A cell-free cytoplasmic preparation from activated Rana pipiens eggs could induce in demembranated Xenopus laevis sperm nuclei morphological changes similar to those seen during pronuclear formation in intact eggs. The condensed sperm chromatin underwent an initial rapid, but limited, dispersion. A nuclear envelope formed around the dispersed chromatin and the nuclei enlarged. The subcellular distribution of the components required for these changes was examined by separating the preparations into soluble (cytosol) and particulate fractions by centrifugation at 150,000 g for 2 h. Sperm chromatin was incubated with the cytosol or with the particulate material after it had been resuspended in either the cytosol, heat-treated (60 or 100 degrees C) cytosol or buffer. We found that the limited dispersion of chromatin occurred in each of these ooplasmic fractions, but not in the buffer alone. Nuclear envelope assembly required the presence of both untreated cytosol and particulate material. Ultrastructural examination of the sperm chromatin during incubation in the preparations showed that membrane vesicles of approximately 200 nm in diameter, found in the particulate fraction, flattened and fused together to contribute the membranous components of the nuclear envelope. The enlargement of the sperm nuclei occurred only after the nuclear envelope formed. The pronuclei formed in the cell-free preparations were able to incorporate [3H]dTTP into DNA. This incorporation was inhibited by aphidicolin, suggesting that the DNA synthesis by the pronuclei was dependent on DNA polymerase-alpha. When sperm chromatin was incubated greater than 3 h, the chromatin of the pronuclei often recondensed to form structures resembling mitotic chromosomes within the nuclear envelope. Therefore, it appeared that these ooplasmic preparations could induce, in vitro, nuclear changes resembling those seen during the first cell cycle in the zygote.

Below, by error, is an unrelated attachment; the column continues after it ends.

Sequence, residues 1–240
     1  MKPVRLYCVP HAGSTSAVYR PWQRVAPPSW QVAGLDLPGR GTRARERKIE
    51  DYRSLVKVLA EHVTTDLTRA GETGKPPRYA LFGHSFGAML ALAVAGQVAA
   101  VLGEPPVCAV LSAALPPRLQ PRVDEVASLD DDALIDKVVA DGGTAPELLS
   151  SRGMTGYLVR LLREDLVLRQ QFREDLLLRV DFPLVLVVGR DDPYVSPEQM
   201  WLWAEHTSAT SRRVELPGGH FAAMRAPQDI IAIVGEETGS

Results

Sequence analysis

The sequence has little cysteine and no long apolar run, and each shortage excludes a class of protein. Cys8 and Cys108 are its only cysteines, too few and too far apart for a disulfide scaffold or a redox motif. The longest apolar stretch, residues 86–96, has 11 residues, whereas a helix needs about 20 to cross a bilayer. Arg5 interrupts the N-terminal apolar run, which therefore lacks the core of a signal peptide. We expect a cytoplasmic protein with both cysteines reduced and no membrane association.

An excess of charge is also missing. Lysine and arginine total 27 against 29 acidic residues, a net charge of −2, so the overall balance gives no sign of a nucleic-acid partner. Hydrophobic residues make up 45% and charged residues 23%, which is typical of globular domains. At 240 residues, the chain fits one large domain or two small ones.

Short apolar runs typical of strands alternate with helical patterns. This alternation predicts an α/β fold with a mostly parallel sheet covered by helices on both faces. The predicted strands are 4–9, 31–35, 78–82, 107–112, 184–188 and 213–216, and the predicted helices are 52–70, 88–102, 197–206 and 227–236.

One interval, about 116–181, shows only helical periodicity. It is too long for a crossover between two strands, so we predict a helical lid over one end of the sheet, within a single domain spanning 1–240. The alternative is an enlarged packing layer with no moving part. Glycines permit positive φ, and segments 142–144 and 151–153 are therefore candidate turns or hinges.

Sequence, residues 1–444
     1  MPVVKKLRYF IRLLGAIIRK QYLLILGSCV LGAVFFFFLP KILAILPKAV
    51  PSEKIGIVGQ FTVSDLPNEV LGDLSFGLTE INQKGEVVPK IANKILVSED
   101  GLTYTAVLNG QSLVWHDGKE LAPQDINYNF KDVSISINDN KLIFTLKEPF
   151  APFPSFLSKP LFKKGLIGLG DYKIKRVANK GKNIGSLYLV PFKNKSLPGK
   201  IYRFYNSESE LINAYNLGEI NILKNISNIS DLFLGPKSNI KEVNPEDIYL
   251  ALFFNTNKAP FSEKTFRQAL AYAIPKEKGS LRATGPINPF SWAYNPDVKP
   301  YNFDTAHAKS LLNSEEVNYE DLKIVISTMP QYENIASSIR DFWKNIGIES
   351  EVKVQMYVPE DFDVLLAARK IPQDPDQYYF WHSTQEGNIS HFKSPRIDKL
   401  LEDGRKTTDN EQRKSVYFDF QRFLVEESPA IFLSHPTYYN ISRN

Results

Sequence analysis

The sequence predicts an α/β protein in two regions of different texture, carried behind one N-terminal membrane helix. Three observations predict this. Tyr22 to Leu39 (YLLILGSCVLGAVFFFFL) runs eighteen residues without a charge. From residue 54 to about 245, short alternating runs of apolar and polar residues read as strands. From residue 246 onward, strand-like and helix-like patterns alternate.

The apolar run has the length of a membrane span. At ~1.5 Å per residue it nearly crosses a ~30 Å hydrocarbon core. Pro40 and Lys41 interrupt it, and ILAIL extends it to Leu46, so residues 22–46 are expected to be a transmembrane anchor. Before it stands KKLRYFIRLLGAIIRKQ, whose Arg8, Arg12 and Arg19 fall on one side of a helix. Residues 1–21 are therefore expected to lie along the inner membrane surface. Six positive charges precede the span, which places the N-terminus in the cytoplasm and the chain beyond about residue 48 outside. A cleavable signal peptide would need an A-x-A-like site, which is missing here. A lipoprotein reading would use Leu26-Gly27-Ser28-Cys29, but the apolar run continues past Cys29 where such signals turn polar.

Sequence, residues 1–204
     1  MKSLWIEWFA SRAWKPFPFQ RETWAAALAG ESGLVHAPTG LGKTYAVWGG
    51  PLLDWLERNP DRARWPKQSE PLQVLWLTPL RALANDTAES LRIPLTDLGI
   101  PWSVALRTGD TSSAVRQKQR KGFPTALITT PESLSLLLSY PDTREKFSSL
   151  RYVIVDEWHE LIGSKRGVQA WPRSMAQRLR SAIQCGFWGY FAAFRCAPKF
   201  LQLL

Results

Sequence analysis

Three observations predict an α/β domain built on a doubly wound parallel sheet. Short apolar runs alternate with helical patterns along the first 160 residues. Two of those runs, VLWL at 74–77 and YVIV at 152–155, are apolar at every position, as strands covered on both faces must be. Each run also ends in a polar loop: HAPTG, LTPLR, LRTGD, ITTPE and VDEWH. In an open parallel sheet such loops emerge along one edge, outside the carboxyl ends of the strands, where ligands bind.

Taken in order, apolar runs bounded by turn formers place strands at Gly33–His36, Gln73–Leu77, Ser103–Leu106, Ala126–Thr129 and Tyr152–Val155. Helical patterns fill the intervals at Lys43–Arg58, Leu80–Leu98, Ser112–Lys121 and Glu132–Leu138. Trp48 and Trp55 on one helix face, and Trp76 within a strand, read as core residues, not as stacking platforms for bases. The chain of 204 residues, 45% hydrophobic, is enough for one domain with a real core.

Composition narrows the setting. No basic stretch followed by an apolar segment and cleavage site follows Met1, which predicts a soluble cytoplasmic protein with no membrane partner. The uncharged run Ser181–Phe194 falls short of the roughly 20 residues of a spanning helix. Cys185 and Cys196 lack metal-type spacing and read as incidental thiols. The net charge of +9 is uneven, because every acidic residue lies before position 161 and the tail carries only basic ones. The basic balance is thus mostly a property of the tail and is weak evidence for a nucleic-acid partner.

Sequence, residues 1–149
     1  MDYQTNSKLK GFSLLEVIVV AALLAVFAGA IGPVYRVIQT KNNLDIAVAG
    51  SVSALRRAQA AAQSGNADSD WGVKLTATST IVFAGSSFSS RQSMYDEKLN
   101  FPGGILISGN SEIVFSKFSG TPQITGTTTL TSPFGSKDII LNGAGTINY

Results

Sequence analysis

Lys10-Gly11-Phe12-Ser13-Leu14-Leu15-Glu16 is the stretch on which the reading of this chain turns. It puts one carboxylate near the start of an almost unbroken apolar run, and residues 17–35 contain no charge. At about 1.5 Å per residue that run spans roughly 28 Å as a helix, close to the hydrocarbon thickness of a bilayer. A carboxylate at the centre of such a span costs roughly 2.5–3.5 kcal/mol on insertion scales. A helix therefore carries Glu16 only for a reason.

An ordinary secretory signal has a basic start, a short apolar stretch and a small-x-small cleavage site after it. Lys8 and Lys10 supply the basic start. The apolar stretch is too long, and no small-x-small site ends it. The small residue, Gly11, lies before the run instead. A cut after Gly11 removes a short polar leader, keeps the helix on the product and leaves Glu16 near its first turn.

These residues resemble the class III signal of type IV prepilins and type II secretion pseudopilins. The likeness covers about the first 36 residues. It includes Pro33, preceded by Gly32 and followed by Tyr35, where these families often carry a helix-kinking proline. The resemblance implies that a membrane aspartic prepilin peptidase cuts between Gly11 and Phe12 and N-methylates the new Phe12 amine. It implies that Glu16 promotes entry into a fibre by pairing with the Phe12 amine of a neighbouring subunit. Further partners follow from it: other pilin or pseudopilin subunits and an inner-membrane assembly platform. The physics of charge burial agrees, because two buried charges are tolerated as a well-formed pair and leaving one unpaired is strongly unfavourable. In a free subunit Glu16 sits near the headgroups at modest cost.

This content is only available as a PDF.